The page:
If you have seen this art, or great wall art in your own city, why not leave a comment?
I like and enjoy a lot of things in life, but when I try to figure out what is my favorite, I think it has to be books and reading (including comics). I knew there was a graphic novel waiting for me at the library, and comics waiting for me at Samurai Comics. I had books by the door I’ve been wanting to unload for weeks now. With those incentives I set off on a Saturday afternoon book expedition.
What I started with . . . everything on the car seat needs to go away.
First stop: Yucca Branch Library. This is my local branch and where i pick up and drop off most of the things i get from the Phoenix Library system.
This was my prize. Nightwing graphic novel #5–a retelling of Nightwing’s (Dick Grayson) origin story in the new 52 continuity.
Where the Good Stuff is–the graphic novels/manga section in the Teen area of Yucca Branch Library.
What was in the car after coming out of the library.
Second stop: Samurai Comics at 11th Street and Cameback in uptown Phoenix.
Front door of the shop. This store is just jammed with Too Much Good Stuff.
What was waiting for me inside . . . my ship came in and I had $17 worth of comics waiting. Conan/Red Sonja crossover, new Groo series starting, 2 issues of John Carter of Mars that I had missed, and there were freebies including a huge book advertising all the New 52 graphic novels currently available from D.C. comics. It was quite a haul.
Where the Good Stuff is: the back wall of the shop has the rack of all the new comics for the week.
Where the bargains are: rack after rack of comics for $1 each–mostly old Silver Age stuff.
Where the Weird Stuff is: independents and toys and comic related items like clothing and mugs are on free-standing racks in the middle of the store.
There is a huge rack of back issues still on sale at cover price along the west wall of the store. The trick is to wait for a sale and then go cherry pick that wall of stuff you just didn’t quite buy the first time you saw it.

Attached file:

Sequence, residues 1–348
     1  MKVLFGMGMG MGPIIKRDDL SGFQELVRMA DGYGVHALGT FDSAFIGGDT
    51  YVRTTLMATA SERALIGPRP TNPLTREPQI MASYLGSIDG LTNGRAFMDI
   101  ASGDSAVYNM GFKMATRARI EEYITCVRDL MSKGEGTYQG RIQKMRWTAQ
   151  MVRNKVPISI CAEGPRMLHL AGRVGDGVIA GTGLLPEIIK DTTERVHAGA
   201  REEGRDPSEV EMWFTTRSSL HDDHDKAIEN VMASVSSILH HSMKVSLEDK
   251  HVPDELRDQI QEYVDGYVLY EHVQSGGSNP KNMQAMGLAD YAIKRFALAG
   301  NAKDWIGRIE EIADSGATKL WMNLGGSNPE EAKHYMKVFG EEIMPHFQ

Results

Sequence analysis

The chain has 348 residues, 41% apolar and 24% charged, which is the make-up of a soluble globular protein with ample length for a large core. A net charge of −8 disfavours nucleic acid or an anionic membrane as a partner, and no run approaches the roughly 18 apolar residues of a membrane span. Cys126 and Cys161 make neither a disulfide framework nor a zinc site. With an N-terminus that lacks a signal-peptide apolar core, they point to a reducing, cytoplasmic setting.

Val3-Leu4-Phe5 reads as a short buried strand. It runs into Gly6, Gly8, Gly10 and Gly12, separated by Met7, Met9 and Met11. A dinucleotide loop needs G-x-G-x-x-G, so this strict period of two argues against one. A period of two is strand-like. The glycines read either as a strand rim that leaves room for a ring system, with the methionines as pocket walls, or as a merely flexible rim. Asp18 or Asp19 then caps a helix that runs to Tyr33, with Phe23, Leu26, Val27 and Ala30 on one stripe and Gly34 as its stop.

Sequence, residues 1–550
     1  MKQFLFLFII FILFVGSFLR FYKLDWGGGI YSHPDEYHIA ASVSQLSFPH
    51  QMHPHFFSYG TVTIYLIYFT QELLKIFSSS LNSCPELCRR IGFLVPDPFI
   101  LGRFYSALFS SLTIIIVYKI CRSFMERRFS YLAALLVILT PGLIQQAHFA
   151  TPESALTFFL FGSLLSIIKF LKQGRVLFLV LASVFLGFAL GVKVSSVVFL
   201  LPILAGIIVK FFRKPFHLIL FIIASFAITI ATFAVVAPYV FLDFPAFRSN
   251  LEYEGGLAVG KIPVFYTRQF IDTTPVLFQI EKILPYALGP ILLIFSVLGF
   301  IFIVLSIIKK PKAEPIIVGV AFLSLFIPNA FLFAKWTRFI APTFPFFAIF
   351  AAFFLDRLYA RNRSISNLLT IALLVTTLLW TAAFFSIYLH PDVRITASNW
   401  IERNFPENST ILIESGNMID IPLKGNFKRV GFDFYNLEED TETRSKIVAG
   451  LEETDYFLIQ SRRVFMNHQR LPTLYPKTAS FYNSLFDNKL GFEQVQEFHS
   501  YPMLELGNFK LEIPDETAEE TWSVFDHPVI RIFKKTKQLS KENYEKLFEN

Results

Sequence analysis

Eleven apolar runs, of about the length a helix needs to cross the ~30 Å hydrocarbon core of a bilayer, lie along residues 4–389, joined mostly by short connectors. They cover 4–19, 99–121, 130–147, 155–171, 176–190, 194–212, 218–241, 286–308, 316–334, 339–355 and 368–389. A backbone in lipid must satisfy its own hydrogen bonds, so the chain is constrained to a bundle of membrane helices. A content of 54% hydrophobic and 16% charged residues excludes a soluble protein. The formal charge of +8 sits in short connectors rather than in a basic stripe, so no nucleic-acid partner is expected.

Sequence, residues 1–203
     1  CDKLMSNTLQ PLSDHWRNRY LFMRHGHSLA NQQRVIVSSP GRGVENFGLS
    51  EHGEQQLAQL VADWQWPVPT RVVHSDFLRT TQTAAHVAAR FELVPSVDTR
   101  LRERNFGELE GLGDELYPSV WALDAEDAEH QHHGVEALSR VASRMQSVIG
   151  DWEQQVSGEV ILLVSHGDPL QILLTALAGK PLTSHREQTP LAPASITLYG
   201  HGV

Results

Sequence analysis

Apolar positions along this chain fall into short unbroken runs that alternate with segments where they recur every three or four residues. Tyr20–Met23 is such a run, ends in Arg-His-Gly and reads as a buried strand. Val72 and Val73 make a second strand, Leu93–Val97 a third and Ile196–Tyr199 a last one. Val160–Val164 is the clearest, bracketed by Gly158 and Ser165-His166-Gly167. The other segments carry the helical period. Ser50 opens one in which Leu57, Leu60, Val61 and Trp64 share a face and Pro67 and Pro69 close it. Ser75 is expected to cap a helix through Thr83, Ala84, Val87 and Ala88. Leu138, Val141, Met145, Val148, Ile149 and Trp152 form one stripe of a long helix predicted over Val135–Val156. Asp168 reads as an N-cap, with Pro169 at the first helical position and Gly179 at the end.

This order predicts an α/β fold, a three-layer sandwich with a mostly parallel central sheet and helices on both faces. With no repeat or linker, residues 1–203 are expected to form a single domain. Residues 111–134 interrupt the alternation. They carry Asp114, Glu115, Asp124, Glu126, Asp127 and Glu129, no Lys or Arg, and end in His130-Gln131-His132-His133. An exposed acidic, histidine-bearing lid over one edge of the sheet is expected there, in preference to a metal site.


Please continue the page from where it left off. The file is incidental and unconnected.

Third stop on the trip: Half Price Books at 22nd Street and Camelback.
This is all the stuff I traded in, about 10 items. The store was busy and I had to wait more than half an hour for my appraisal. They gave me $2.50 for the whole lot. Any single item in the batch cost more than that retail, but it beats throwing the books away or donating to the library, who would then throw them away.
The science fiction/fantasy section of Half Price Books. Back in the Day I would have gone through every rack, looked at every title, and bought every sword and sorcery/heroic fantasy title i found. Now, I just walk by, glance at the ones turned cover out, and feel nostalgic. Buying all the fantasy would cost hundreds of dollars even at half price. Reading it would take more time than I ever expect to have again.
J.R.R. Tolkien still inspires ciriticism and explanation. I think I will see if the library bought this book.
Where the Good Stuff Is: this locked bookcase has the used and half price tarot and other cool card sets. I collect tarot decks, and I can read the cards when I want to.
Where the Wizards go. The store has 2 tall bookcases full of books on magic and the occult arts. Since I am a wizard I always check this are to see what’s new.